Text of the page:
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Stadermann, H. Der unaufhaltsame Abstieg eines Leitwährungslandes. Credit and Capital Markets – Kredit und Kapital, 20(2), 215-235.
Stadermann, Hans-Joachim "Der unaufhaltsame Abstieg eines Leitwährungslandes" Credit and Capital Markets – Kredit und Kapital 20.2, 1987, 215-235.
Stadermann, Hans-Joachim (1987): Der unaufhaltsame Abstieg eines Leitwährungslandes, in: Credit and Capital Markets – Kredit und Kapital, vol. 20, iss. 2, 215-235, [online]


Der unaufhaltsame Abstieg eines Leitwährungslandes

Stadermann, Hans-Joachim

Credit and Capital Markets – Kredit und Kapital, Vol. 20 (1987), Iss. 2 : pp. 215–235

2 Citations (CrossRef)

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Hans-Joachim Stadermann, Berlin

Cited By

  1. Der Dollar als internationale Schlüsselwährung

    Klump, Rainer

    Credit and Capital Markets – Kredit und Kapital, Vol. 22 (1989), Iss. 3 P.375 [Citations: 0]
  2. Zahlungsbilanzstruktur, Leitwährungsfunktion und die Zukunft des Dollars

    Herr, Hansjörg

    Credit and Capital Markets – Kredit und Kapital, Vol. 24 (1991), Iss. 4 P.443 [Citations: 0]


The Unstoppable Decline of a Reserve-Currency Country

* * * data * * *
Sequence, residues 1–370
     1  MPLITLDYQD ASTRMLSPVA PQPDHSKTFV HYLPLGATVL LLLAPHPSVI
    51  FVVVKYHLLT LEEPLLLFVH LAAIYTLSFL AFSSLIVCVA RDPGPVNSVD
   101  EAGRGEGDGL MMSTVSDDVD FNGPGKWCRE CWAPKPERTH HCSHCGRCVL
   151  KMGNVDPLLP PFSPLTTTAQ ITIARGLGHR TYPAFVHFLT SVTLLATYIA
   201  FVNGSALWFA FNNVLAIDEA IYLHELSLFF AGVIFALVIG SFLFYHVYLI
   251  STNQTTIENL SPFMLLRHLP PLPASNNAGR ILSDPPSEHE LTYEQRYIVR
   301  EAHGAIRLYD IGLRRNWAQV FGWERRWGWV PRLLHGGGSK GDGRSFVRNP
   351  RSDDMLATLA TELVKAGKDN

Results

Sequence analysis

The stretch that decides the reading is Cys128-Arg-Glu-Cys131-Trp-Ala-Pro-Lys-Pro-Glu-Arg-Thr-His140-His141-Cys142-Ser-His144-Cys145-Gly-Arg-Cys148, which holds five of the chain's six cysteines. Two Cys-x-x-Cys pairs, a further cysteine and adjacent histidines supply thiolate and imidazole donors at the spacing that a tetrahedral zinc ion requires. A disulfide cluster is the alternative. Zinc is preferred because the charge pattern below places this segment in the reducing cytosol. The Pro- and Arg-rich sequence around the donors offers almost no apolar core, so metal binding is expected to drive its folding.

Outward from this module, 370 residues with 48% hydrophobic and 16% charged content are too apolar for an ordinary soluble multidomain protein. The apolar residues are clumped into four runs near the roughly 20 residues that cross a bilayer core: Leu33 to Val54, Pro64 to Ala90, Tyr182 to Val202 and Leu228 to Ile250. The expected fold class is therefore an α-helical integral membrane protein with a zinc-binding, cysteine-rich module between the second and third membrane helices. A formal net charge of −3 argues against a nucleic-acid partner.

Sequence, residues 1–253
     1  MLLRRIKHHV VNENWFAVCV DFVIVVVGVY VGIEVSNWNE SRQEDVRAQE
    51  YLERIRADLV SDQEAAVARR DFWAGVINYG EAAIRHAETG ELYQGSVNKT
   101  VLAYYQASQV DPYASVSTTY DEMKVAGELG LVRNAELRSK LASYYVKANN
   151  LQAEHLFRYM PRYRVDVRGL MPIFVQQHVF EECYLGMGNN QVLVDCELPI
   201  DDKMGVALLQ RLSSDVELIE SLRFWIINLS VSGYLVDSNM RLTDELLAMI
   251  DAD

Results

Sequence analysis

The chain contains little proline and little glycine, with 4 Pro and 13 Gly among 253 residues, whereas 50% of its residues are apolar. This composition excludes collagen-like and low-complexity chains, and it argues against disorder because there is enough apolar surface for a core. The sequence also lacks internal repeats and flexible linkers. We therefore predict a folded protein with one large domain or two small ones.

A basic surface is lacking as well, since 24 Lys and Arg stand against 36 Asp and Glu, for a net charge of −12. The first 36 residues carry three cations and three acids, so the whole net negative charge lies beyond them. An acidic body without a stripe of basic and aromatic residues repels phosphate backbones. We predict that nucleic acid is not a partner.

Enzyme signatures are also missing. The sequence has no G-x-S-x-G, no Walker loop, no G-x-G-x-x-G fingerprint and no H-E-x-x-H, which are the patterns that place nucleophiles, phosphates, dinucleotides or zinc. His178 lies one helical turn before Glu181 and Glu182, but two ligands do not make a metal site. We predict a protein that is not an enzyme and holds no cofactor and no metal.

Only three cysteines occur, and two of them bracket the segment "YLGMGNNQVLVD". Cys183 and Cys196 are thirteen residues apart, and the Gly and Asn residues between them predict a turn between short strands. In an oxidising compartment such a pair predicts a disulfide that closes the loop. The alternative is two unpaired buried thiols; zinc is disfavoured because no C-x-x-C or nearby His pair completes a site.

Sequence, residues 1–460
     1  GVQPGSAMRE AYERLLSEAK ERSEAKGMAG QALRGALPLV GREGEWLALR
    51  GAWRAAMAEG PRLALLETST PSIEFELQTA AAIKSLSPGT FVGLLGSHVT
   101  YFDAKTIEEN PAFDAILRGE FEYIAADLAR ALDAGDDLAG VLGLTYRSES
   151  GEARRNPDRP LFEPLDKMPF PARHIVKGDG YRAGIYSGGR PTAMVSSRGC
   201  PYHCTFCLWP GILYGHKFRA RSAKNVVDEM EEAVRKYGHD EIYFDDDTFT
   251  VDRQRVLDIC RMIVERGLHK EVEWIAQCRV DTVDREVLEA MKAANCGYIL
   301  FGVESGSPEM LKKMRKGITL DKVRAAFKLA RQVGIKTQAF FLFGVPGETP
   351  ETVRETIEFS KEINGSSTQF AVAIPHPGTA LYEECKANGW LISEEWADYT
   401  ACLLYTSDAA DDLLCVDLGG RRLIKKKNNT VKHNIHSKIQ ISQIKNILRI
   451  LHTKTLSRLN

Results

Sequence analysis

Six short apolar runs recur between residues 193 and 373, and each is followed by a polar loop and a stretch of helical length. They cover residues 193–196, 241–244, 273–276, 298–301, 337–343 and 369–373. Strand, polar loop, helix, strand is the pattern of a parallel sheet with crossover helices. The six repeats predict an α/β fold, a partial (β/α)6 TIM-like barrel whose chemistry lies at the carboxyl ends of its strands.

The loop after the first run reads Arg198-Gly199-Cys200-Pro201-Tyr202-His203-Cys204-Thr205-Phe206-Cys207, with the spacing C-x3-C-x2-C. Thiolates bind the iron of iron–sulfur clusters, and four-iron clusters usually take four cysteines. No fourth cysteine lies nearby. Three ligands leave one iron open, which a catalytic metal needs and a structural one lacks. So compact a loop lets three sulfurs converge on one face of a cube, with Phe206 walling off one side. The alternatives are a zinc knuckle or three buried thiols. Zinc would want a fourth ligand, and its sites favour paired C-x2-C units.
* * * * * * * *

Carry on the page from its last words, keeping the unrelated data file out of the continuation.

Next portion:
This paper discusses the response to the most recent dollar rate movements by the monetary theory of determining exchange rates on the basis of assumptions for the Purchasing Power Parity (PPP). This approach can only be adapted on the basis of arguments changing with the dollar rate movements. Therefore, such an approach is unsatisfactory in the assessment of developments other than very long-term ones, in which causalities are no longer identifiable. For this reason, the assumption that exchange rates are determined by national price levels (active PPPs) is rejected. Instead, a presentation of passive PPPs on the basis of a Keynesian money economy theory is given, which defines exchange rates in terms of the scarcity of currencies that are freely convertible and compete with one another in international credit markets. The PPP is formed by price and quantitative adjustments on national resource and goods markets to the credit market equilibrium. From this angle, a definitely adverse judgement must be passed on US economic policies. The dollar rate level does not reflect confidence in US economic developments, but is the direct result of the more or less vigorous public-sector borrowing requirement in the USA. As a consequence, capital and goods import surpluses support the high level of prosperity in the USA at stable prices at present. Since government spending will not result in any increasing volume of tax revenue, the ability to expand the national debt is invariably bound to come to an end. The cessation of the reverse demand for the dollar will be the cause of the dollar rate decline which, contentually, is a pure credit market phenomenon, i.e. rising demand for non-dollar deposits by credit suppliers to expand their lending operations on the basis of a currency with a convincing wealth securing function. Big losses in real income as a result of “success in exports” at lower exchange rates will then accompany the reexportation of the present creditfinanced prosperity from the USA and result in structural shifts toward the production of exportable products. Such development can be avoided in the USA by sharp deflation which will, however, be confronted with competing efforts of other currency areas striving for the reserve-currency privilege